2. I'm sure it must be uncomfortable for the modern world to find itself so out of touch with an organization that claims to be in possession of the truth about human morality. But I don't think it's true that simply because most people nowadays disagree, our doctrines are wrong. In AD 100, most people thought gladitorial games were okay. In AD 1000, people thought it was okay to oppress the poor, if you were lucky enough to be in a position to do so. In AD 1965, pretty much everyone decided birth control was a-okay. The Catholic Church is always the stick in the mud that refuses to get with the program.
Our sexual ethics are difficult and in contradiction to basically everything that modern society is based on. But that really doesn't affect the possibility that they might be true. I believe that they are true, that the Church has the authority to tell me they are true, and that they are unchanging. Following the Church's teachings on sex has not always been easy in my own life, and yet I can clearly see how fidelity to those teachings has shaped my life into the beautiful thing it is today. I don't want those teachings to change.
But even if I did, it wouldn't matter. Even if 100 out of 100 people in the pews thought contraception was okay, that wouldn't make it okay, and it wouldn't make the Church suddenly declare that it was. There was a time when two thirds of bishops thought that Jesus was a lesser creation of God the Father instead of his equal. They even elected a heretic bishop as Pope. And the second that Pope took office, he proclaimed to everyone the teaching the Church has always held and still holds today, that the Son is consubstantial with the Father. That tells me there's more to this dogma thing than a bunch of old guys making stuff up. God is really, somehow, in his mysterious way, guiding the Church.
If you don't believe that, then at least believe this: the Catholic Church is not now and will not ever be a democracy. We base our teachings on what, historically, our teachings have always been. We don't change our doctrines ... ever. And the teaching on contraception is one of those unchangeable things. It is hugely inconvenient sometimes and requires a great deal of personal sacrifice, but it does appear that it comes from God, so there's no helping it.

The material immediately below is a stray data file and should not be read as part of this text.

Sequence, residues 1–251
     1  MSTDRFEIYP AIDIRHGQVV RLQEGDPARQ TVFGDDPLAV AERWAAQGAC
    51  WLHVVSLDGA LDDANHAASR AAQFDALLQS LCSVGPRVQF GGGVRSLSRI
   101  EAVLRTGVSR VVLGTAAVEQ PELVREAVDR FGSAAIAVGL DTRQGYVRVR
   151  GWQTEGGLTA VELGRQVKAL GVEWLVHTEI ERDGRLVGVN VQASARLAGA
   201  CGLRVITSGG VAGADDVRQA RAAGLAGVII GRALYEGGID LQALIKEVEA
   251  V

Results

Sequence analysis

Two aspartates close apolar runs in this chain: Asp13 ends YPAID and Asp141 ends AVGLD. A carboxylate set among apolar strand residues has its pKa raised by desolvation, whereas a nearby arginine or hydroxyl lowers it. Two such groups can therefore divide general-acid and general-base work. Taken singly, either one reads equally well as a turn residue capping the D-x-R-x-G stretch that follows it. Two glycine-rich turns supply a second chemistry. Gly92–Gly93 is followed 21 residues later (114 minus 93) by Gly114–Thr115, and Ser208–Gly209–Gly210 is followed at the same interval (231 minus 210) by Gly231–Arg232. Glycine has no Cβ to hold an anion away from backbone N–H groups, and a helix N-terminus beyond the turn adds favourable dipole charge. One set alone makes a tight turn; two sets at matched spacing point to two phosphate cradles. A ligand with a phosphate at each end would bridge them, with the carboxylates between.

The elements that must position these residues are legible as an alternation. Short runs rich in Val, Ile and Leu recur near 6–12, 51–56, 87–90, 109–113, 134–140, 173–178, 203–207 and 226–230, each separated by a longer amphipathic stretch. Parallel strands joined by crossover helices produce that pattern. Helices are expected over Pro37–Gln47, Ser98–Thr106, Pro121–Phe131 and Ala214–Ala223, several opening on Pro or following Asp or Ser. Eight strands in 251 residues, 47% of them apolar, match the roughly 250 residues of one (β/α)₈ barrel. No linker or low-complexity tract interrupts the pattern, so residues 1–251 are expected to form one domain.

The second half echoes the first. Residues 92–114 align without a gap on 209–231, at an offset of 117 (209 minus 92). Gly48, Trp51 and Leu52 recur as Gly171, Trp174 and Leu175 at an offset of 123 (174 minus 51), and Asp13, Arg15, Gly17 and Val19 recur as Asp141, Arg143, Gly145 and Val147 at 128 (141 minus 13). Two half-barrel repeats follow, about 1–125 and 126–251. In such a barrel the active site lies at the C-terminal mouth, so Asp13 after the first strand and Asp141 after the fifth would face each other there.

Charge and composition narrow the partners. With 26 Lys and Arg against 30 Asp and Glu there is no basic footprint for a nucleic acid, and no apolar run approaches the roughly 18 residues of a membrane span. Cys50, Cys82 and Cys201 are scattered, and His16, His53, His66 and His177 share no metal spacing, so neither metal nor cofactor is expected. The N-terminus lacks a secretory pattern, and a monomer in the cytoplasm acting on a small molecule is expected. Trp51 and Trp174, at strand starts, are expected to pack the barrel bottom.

3. I think people confuse the priesthood with power. This is called clericalism and it's bad. Priests are intended to be servants. Their job is to act in the place of Christ to provide us with sacraments. Actual decision-making -- insofar as there are decisions to make, because as I said above we don't change our doctrines -- could be done by anybody. There are lots of women who are theologians, abbesses, parish council presidents, and so forth. If these women don't have enough power, that might be a problem. But ordaining them isn't the solution. The solution is to give the women who are already working within the Church more authority when it comes to decision-making.
But the decision to allow birth control or ordain women or marry gays or whatever the world would like us to do, isn't actually an option at all. The magisterium's job isn't to decide things or to make things up. Its job is to look into the teachings we have always had, and to continue saying the same stuff. That's not a position of power. It's a position of humbly doing what you're told.